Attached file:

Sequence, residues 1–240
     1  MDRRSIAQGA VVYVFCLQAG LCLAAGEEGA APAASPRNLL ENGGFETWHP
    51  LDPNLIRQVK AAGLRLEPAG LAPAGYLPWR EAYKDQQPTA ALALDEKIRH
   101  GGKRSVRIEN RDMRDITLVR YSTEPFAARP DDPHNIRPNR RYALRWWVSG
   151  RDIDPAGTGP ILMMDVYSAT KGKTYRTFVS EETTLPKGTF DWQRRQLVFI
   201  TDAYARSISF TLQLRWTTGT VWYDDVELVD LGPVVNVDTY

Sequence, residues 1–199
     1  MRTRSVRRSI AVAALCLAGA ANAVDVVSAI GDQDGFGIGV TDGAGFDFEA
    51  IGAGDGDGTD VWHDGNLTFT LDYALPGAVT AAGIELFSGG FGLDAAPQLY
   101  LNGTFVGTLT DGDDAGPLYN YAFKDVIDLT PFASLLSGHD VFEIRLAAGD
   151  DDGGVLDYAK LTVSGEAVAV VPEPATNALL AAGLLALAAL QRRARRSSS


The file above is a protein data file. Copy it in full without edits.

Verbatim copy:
Sequence, residues 1–240
     1  MDRRSIAQGA VVYVFCLQAG LCLAAGEEGA APAASPRNLL ENGGFETWHP
    51  LDPNLIRQVK AAGLRLEPAG LAPAGYLPWR EAYKDQQPTA ALALDEKIRH
   101  GGKRSVRIEN RDMRDITLVR YSTEPFAARP DDPHNIRPNR RYALRWWVSG
   151  RDIDPAGTGP ILMMDVYSAT KGKTYRTFVS EETTLPKGTF DWQRRQLVFI
   201  TDAYARSISF TLQLRWTTGT VWYDDVELVD LGPVVNVDTY

Sequence, residues 1–199
     1  MRTRSVRRSI AVAALCLAGA ANAVDVVSAI GDQDGFGIGV TDGAGFDFEA
    51  IGAGDGDGTD VWHDGNLTFT LDYALPGAVT AAGIELFSGG FGLDAAPQLY
   101  LNGTFVGTLT DGDDAGPLYN YAFKDVIDLT PFASLLSGHD VFEIRLAAGD
   151  DDGGVLDYAK LTVSGEAVAV VPEPATNALL AAGLLALAAL QRRARRSSS